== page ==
The theoretical maximum speed that a displacement hull can move efficiently through the water is determined by it's waterline length and displacement. It may be unable to reach this speed if the boat is underpowered or heavily loaded, though it may exceed this speed given enough power. Read more.
Classic hull speed formula:
Hull Speed = 1.34 x √LWLA more accurate formula devised by Dave Gerr in The Propeller Handbook replaces the Speed/Length ratio constant of 1.34 with a calculation based on the Displacement/Length ratio.
Max Speed/Length ratio = 8.26 ÷ Displacement/Length ratio.311
Hull Speed = Max Speed/Length ratio x √LWL
A measure of the power of the sails relative to the weight of the boat. The higher the number, the higher the performance, but the harder the boat will be to handle. This ratio is a "non-dimensional" value that facilitates comparisons between boats of different types and sizes. Read more.
SA/D = SA ÷ (D ÷ 64)2/3
A measure of the stability of a boat's hull that suggests how well a monohull will stand up to its sails. The ballast displacement ratio indicates how much of the weight of a boat is placed for maximum stability against capsizing and is an indicator of stiffness and resistance to capsize.
Ballast / Displacement * 100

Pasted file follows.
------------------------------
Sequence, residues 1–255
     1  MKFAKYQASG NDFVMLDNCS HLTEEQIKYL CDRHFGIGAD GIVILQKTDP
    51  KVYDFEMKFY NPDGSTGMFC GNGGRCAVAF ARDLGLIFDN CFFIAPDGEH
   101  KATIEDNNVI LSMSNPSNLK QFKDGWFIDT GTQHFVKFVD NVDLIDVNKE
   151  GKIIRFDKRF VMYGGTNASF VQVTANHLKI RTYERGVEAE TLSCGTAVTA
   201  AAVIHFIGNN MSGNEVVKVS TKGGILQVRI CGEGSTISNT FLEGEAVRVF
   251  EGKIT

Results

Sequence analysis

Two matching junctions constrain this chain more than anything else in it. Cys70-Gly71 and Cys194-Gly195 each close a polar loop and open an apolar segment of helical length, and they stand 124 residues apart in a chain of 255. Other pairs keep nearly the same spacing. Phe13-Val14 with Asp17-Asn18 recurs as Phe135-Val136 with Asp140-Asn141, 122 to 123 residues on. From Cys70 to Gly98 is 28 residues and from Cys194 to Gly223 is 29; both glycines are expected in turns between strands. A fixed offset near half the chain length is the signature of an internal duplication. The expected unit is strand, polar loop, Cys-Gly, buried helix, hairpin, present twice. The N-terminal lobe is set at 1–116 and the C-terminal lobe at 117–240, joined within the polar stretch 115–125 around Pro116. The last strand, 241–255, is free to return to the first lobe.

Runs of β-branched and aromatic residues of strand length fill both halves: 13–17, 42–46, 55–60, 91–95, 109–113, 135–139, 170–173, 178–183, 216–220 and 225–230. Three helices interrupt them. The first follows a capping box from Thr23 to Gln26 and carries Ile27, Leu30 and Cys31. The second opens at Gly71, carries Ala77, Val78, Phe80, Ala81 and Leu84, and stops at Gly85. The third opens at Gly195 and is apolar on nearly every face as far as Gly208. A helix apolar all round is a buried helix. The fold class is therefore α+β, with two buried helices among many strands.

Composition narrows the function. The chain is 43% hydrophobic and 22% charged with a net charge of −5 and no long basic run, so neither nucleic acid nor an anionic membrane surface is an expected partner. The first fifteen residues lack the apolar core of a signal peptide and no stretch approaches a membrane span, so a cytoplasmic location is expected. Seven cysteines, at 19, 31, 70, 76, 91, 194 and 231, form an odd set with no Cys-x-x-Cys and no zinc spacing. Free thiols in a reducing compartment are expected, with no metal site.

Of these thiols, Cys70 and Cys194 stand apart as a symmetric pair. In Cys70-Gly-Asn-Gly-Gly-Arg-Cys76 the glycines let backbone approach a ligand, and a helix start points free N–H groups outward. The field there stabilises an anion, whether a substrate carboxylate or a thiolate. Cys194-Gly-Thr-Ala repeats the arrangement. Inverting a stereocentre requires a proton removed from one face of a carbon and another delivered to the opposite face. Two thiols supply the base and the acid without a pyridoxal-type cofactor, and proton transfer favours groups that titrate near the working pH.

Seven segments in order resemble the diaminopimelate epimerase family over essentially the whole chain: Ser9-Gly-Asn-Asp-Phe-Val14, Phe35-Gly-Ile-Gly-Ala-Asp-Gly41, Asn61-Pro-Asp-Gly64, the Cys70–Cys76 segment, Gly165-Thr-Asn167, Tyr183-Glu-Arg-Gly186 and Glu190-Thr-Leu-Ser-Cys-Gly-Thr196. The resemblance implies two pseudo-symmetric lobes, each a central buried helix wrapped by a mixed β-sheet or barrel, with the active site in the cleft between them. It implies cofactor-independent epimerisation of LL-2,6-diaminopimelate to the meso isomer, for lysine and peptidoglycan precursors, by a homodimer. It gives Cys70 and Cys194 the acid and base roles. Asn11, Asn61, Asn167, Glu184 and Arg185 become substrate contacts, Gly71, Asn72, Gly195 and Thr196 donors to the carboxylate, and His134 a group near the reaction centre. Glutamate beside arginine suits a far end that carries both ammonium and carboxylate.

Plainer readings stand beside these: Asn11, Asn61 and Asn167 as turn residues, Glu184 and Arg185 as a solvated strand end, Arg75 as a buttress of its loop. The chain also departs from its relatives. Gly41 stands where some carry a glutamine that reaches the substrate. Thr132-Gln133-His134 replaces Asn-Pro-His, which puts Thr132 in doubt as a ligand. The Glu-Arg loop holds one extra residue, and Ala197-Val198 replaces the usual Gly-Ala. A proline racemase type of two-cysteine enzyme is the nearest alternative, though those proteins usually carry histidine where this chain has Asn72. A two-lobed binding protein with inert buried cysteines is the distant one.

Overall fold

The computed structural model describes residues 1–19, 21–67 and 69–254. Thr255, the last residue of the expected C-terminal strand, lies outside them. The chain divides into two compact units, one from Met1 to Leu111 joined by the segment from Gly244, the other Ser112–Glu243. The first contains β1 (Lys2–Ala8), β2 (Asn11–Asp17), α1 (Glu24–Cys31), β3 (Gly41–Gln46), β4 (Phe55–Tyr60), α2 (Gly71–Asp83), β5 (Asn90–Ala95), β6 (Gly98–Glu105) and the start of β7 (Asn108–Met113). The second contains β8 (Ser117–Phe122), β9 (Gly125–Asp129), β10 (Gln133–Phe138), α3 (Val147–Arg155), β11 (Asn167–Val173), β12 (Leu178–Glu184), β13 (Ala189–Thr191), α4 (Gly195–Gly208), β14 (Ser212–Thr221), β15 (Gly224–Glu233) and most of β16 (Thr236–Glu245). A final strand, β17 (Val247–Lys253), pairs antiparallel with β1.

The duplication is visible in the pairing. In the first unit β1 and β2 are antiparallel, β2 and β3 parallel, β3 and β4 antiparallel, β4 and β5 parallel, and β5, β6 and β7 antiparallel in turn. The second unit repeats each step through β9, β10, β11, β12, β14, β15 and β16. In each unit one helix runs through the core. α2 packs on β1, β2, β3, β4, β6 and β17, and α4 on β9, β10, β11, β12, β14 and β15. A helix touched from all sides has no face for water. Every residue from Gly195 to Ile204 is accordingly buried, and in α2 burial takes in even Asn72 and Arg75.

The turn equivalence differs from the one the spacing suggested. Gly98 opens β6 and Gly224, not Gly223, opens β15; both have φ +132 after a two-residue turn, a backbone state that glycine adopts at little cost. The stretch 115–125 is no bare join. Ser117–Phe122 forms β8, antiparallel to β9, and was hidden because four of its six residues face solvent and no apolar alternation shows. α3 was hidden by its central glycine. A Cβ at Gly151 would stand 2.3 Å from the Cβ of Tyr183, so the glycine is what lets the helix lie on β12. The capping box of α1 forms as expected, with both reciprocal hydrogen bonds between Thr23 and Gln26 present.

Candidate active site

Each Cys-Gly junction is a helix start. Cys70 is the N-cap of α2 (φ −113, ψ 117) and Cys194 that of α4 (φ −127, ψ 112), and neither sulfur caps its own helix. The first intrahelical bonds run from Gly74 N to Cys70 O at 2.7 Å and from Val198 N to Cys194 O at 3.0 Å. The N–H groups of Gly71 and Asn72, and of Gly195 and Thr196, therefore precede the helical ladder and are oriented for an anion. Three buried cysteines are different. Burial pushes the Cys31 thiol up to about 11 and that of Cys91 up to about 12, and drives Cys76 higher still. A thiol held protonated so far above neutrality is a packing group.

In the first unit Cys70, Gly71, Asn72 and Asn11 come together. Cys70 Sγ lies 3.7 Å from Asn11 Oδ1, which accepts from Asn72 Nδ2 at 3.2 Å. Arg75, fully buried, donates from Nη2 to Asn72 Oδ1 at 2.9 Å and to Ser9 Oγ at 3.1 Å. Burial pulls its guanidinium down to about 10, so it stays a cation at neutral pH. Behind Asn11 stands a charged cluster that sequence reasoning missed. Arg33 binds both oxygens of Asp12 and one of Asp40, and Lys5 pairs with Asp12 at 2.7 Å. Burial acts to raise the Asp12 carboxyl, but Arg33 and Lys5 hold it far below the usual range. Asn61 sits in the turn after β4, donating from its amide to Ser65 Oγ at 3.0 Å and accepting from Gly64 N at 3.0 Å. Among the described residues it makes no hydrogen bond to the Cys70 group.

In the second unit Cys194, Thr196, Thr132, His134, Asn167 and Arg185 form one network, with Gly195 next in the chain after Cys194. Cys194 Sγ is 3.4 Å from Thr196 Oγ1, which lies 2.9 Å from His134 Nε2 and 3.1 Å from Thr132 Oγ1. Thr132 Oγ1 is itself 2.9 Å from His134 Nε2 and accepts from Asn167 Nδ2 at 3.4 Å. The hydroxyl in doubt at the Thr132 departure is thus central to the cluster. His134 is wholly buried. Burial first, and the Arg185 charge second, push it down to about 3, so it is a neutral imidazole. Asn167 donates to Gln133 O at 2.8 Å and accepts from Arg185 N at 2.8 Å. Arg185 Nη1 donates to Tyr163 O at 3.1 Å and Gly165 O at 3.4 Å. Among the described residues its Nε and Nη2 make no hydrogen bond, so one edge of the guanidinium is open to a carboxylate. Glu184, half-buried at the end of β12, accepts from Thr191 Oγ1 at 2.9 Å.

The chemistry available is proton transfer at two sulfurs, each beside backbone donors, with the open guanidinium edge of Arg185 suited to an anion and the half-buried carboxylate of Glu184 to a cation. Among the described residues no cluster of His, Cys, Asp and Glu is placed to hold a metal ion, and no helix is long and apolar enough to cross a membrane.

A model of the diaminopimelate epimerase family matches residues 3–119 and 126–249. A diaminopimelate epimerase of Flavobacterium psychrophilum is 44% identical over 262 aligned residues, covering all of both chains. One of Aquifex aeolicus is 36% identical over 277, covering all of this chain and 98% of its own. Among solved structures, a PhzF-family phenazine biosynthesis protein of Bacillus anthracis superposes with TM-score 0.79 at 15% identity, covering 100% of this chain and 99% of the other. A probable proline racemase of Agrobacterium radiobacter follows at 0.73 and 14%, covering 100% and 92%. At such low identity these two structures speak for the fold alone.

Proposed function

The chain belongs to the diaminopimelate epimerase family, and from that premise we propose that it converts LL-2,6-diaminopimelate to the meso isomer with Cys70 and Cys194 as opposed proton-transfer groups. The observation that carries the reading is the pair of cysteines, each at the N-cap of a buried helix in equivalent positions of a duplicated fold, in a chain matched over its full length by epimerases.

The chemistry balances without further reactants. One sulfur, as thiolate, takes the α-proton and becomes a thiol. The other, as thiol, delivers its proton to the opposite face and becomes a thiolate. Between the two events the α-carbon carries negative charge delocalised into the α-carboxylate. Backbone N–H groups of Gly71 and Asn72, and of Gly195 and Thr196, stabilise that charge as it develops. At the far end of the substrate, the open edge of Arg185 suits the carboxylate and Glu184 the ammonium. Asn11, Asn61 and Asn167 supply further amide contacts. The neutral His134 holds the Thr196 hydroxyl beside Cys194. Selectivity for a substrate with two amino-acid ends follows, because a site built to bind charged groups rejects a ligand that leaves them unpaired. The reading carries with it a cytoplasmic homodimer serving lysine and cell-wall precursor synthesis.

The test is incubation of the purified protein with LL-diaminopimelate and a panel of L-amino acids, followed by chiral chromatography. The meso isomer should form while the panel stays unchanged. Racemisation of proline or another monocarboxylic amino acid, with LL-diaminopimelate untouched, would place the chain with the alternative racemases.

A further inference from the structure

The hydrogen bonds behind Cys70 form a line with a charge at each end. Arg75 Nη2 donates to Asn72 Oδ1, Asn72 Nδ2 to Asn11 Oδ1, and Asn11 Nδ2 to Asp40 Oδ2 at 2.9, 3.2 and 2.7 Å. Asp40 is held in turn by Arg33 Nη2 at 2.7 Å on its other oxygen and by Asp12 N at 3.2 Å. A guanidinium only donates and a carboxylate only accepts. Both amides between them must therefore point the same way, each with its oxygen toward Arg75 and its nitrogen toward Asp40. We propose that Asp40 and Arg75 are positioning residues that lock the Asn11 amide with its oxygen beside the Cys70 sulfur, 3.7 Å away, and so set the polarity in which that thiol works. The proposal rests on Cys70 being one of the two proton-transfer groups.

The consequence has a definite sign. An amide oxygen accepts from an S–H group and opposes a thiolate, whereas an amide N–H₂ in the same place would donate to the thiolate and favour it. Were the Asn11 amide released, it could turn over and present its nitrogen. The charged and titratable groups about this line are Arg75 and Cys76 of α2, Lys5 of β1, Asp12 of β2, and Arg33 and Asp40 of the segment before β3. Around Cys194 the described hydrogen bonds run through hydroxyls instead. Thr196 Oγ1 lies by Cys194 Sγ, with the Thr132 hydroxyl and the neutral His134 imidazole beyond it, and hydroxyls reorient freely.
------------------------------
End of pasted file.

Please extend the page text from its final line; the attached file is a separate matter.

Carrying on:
A measure of the weight of the boat relative to it's length at the waterline. The higher a boat’s D/L ratio, the more easily it will carry a load and the more comfortable its motion will be. The lower a boat's ratio is, the less power it takes to drive the boat to its nominal hull speed or beyond. Read more.
D/L = (D ÷ 2240) ÷ (0.01 x LWL)³
This ratio assess how quickly and abruptly a boat’s hull reacts to waves in a significant seaway, these being the elements of a boat’s motion most likely to cause seasickness. Read more.
Comfort ratio = D ÷ (.65 x (.7 LWL + .3 LOA) x Beam1.33)
This formula attempts to indicate whether a given boat might be too wide and light to readily right itself after being overturned in extreme conditions. Read more.
CSV = Beam ÷ ³√(D / 64)
One look the Coast 34 with her distinctive canoe stern takes us back to the mid 1970s and the work of Bob Perry who made the style outrageously popular. The Coast 34 started life as a home-build design called the Roberts 341. She was penned in 1978 by Grahame Shannon and already by 1980 a project was initiated to take her into production as the Coast 34. Over the years she’s been well regarded as a liveaboard offshore cruiser with loads of storage that’s proven seaworthy with competent sailing abilities in a wide range of sea conditions. In total, it’s been estimated over 100 of these boats have been built, of which around half were from the production mold and finished in semi-custom format by various boatbuilders.
The story of the Coast 34 started in 1978 inside the offices of Bruce Roberts Design Group when Shannon sketched up his ideas in his own time and pitched it to his boss. Roberts liked it and gave the go-ahead for the design that became the Roberts 341. It also gave birth to a smaller boat based on the same hull shape, the 28 foot Roberts 281.
By 1980 Shannon was approached by a boat builder from Canada with the idea to take the Roberts 341 into production. A per boat royalty deal was struck and a few tweaks were made to the design. Probably most notable was a tee-shaped cockpit better suited to wheel steering (at the time tillers were more common on boats this size). This new production boat was dubbed the Coast 34.